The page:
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Committed to Comida

Locally Sourced Latin Food Josue Chanduvi wants to teach his customers that food is a powerful thing. Grandma’s Spanish Kitchen, a Peruvian-Cuban restaurant, sits at 5143 U.S. Ave. in Plattsburgh, in a small building set back from the road. A colorful interior resembles the furnishings of a home with strong Latin roots as the sounds of Celia Cruz and Marc Anthony play from a small TV perched in front of the kitchen. Owner Josue Chanduvi glides from table to table taking orders, serving customers and striking up conversations. “We are the only Peruvian-Cuban restaurant from here to Schenectady,” he says…

(DoNorth/Nyela Graham)

Locally Sourced Latin Food

Josue Chanduvi wants to teach his customers that food is a powerful thing.
Grandma’s Spanish Kitchen, a Peruvian-Cuban restaurant, sits at 5143 U.S. Ave. in Plattsburgh, in a small building set back from the road. A colorful interior resembles the furnishings of a home with strong Latin roots as the sounds of Celia Cruz and Marc Anthony play from a small TV perched in front of the kitchen. Owner Josue Chanduvi glides from table to table taking orders, serving customers and striking up conversations.
“We are the only Peruvian-Cuban restaurant from here to Schenectady,” he says proudly. “We’re the only Latin restaurant from here to the state of Vermont.”
Chanduvi wants to bring the energy of Latin culture to his restaurant and to the North Country.
“When you’re in Peru, they have these little restaurants with plastic chairs, there’s music playing on a 90’s stereo with a cassette player, and people are just dancing,” he points to the seating area toward the back of the restaurant. “I would love to see people feel comfortable enough to dance as they are waiting for their food.”
Grandma’s Spanish Kitchen has been open for a year and a half. To Chanduvi, the timing just felt right. “I wanted a place where people felt comfortable, where people from different walks of life could feel at home. Regardless of where they come from. That’s essential.”

All of Chanduvi’s businesses, past, present and future, are named after his grandmother Lucia. A picture of her sits in the back of the restaurant surrounded by candles. He and his grandmother spent a great deal of time together while he was growing up and together frequently cooked for the family.
“Every business I’ve had has an origin back to my grandmother. She was a seamstress—we opened up a sewing shop. My grandmother loved candy, and she used to wake us up early at 3 or 4 and we would have candy and coffee—we opened a candy store.”
He feels that most people who experience a meal at Grandma’s Spanish Kitchen are changed by it. “They have a different perspective on their palette and on what food is.”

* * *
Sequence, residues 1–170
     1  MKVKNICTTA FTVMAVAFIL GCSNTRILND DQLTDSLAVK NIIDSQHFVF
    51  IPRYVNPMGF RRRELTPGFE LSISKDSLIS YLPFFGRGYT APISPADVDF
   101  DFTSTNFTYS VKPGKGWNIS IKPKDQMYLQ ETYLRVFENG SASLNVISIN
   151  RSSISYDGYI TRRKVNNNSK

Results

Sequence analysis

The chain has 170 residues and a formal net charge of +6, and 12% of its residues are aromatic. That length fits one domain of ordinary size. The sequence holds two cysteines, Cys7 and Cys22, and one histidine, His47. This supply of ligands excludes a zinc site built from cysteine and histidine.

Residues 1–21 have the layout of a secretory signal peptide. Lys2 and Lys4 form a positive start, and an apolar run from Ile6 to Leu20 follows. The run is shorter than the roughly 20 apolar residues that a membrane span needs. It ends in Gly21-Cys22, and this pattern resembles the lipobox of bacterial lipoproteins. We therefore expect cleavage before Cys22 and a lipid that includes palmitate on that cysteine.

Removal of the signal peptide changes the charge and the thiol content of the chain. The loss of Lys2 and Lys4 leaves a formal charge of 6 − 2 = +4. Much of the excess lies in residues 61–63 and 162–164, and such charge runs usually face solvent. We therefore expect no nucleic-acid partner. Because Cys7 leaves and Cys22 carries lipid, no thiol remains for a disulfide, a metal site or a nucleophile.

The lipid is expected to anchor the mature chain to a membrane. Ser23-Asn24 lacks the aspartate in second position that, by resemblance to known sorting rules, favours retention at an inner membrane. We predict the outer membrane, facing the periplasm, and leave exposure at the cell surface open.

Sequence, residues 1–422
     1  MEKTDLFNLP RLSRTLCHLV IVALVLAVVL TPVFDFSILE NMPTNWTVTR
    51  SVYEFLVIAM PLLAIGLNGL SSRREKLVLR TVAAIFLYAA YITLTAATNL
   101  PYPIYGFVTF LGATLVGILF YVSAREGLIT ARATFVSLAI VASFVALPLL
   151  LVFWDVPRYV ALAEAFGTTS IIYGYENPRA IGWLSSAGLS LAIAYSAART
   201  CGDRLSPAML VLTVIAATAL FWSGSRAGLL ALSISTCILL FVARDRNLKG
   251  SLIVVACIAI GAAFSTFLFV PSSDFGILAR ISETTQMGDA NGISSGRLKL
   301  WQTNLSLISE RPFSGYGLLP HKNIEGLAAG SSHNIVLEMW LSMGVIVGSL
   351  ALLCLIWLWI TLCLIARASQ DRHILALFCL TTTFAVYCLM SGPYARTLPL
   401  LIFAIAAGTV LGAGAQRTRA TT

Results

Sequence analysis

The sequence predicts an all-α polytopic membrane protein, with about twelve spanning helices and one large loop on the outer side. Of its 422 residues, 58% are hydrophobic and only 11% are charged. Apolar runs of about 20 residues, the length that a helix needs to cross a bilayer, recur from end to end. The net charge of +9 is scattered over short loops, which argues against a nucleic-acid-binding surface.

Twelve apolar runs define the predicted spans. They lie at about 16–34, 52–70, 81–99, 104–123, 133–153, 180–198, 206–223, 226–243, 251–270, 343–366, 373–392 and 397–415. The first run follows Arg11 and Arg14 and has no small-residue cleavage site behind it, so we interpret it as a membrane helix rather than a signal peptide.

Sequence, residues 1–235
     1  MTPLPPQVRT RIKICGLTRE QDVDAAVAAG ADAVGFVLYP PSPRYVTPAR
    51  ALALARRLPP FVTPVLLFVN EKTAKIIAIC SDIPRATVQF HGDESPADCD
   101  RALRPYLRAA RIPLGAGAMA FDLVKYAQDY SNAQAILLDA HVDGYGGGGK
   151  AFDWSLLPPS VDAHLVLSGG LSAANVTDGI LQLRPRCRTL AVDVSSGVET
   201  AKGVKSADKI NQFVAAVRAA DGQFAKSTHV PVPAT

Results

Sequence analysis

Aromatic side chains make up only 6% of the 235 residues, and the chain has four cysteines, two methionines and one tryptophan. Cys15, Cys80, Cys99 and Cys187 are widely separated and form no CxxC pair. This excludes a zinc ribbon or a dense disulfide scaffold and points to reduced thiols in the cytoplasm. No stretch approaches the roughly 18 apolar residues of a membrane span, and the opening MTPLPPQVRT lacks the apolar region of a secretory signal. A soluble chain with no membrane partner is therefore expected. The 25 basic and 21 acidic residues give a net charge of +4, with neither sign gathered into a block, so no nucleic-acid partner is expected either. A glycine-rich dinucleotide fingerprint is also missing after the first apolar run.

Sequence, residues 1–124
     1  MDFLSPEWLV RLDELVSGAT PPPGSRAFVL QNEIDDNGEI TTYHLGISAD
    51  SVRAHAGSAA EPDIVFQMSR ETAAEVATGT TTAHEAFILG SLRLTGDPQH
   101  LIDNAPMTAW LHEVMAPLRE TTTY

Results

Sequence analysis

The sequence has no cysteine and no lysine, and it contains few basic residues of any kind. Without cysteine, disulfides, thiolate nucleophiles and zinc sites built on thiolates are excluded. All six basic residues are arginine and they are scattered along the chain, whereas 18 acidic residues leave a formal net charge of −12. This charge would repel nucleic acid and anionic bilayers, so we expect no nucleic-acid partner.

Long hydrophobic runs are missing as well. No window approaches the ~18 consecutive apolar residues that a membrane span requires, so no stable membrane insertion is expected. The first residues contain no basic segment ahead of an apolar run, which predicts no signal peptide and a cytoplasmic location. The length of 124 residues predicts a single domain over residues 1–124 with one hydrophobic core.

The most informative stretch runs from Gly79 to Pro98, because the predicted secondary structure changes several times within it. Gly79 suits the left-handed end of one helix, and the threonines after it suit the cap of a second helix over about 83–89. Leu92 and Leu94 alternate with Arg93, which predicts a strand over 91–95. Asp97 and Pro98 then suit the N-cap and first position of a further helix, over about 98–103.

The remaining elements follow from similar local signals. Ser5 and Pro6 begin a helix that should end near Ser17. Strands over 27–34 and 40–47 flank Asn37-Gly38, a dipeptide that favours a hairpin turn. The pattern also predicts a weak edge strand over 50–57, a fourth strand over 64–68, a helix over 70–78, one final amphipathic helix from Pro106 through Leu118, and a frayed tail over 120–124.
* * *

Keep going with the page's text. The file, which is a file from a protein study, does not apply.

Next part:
Farm-to-table fare was always a part of the Grandma’s Spanish Kitchen business plan. There are more than a hundred farms within a three-mile radius of Plattsburgh, and Chanduvi wants to create a relationship between grower and chef. GSK’s closest relationships are with Shady Grove Farms in Peru, New York and Black Sheep Farm in Valcour, New York. Shady Grove supplies cayenne peppers, habaneros, green beans, eggplants and red onions while Black Sheep Farm contributes heirloom tomatoes.

“When I have somebody come in and drop me off six or seven heirloom tomatoes or eggplants or jalapenos or cayenne peppers, they picked that that day—there is a story behind it.

That affects quality of food, it affects flavoring.” Chanduvi not only sees the importance of providing customers with a delicious meal but with an education about what they are eating. “Sometimes we get a plate of food, and we gobble it up. We don’t think about the process of getting it.”
“To be able to say this pork chop is local—the vegetables you are eating today or the heirloom tomatoes came from this place—it changes people’s mindset. The more we are able to do that as a restaurant, and as a community in whole, we start to have an idea of what quality is but also a perspective on where our food comes from.”
Chanduvi’s goal for the coming year is simple: be a restaurant at the forefront of the farm-to-table movement. “We are giving justice to the food that is grown here.”
“You have this coexisting of two people, somebody that is passionate about what they are doing and maybe they see three or four ingredients that we get from them in that dish. Their artwork is growing and developing a good product. Our artwork is converting that into our own thing.”

Issue: Winter/Spring 2019

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